High levels of astigmatism exist among Native American peoples. While the prevalence of astigmatism is well studied, its developmental course and visual consequences are poorly understood. the goal of the proposed research is to establish the relation between astigmatism and visual development in native american children, and to determine the optimum strategy to mitigate detrimental effects of astigmatism in this population. A three-state research protocol is proposed: Stage 1: the prevalence of corneal, internal, and total astigmatism (as well as prevalence of reduced acuity and meridional amblyopia) will be examined in preschool children 6 months to 6 + years of age who are members of a Native American tribe (the Tohono O'Odham Nation) in which a high prevalence of astigmatism is present. Stage 2: spectacle correction will be provided based on guidelines resulting from a poll of 334 pediatric eye care practitioners. All children whose astigmatism, myopia, hyperopia, or anisometropia is of a magnitude that would be corrected by 99% of those polled will be classified as High risk for refractive amblyopia and will have spectacles prescribed. children whose astigmatism would be corrected by 50% to 98% of those polled will be in the Moderate Risk group; these children will be randomly assigned to receive spectacle correction or no spectacle correction. the remaining children will be in the Low Risk group and will not receive spectacles. Stage 3: Follow-up assessment of refractive effort and visual acuity will be performed at intervals of one, two and three years, to determine whether spectacle correction reduces the prevalence of below-normal best-corrected acuity. the primary analysis will be ca comparison of best-corrected acuity results from children who were randomized to spectacle correction with results from those who were randomized to no spectacle correction. It is hypothesized that the proportion of children with below normal acuity will be smaller in the group of children randomized to spectacles than in the group of children randomized to no spectacles. This study will show the effect of astigmatism on visual development and will determine whether correction of astigmatism during the preschool years prevents the development of refractive amblyopia, or produces an alteration in emmetropization.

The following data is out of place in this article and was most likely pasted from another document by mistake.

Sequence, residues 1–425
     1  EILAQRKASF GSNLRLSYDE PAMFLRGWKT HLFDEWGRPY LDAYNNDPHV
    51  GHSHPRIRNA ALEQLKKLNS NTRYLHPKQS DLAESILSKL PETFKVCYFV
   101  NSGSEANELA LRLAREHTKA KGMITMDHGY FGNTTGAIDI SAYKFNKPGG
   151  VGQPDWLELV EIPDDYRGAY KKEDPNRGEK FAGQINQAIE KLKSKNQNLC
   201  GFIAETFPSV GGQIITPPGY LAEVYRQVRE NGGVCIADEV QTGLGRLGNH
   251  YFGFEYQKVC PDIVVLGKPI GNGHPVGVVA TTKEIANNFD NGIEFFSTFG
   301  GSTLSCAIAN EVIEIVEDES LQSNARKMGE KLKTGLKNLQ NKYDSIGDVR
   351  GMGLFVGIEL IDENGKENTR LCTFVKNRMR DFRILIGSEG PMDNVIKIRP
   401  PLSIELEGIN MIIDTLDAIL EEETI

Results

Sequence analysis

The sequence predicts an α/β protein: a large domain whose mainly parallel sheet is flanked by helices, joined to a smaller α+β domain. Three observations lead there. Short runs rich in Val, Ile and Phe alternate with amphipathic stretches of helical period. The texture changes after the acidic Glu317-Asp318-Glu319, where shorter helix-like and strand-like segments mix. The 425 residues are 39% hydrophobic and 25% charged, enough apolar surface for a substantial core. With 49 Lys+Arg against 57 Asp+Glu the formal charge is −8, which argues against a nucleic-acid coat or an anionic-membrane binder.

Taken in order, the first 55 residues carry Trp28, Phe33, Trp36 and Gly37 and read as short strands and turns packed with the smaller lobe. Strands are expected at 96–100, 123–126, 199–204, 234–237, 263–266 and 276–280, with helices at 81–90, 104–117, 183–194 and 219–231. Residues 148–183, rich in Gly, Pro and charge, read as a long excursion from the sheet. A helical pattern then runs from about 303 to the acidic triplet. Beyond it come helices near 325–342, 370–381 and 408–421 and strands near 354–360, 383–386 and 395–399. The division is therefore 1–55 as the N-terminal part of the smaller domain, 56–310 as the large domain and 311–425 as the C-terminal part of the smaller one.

|Effective start/end date||8/1/97 → 7/31/02|
- National Institutes of Health: $365,649.00
- National Institutes of Health: $122,586.00
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